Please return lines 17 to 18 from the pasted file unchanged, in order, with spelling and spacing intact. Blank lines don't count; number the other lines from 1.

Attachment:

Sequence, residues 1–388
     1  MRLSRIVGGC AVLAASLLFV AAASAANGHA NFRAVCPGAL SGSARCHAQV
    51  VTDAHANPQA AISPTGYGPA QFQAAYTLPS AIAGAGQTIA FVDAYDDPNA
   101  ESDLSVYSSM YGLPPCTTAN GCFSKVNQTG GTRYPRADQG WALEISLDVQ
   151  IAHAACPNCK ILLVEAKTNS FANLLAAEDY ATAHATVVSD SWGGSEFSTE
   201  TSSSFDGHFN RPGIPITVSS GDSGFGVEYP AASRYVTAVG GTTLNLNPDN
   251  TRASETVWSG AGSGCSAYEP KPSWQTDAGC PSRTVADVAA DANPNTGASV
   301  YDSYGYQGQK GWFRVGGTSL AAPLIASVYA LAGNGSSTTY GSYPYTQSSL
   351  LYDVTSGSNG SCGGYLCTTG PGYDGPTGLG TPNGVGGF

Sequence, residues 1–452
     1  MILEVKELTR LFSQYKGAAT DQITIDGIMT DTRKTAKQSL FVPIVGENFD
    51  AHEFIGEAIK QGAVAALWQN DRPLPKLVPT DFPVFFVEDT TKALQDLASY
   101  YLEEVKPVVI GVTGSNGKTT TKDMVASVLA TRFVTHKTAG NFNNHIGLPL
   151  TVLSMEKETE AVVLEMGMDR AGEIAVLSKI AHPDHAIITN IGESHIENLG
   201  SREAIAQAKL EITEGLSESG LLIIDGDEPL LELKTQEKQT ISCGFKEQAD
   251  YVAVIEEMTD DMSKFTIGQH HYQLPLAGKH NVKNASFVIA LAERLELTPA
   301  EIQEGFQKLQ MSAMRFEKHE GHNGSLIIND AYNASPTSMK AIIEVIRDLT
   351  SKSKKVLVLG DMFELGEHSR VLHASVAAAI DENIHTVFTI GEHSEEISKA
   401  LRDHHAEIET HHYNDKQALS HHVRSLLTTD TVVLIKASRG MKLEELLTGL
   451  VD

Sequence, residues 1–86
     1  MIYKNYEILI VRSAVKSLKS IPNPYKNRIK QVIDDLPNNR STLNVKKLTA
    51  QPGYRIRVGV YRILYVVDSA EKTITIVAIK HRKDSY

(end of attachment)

   301  EIQEGFQKLQ MSAMRFEKHE GHNGSLIIND AYNASPTSMK AIIEVIRDLT
   351  SKSKKVLVLG DMFELGEHSR VLHASVAAAI DENIHTVFTI GEHSEEISKA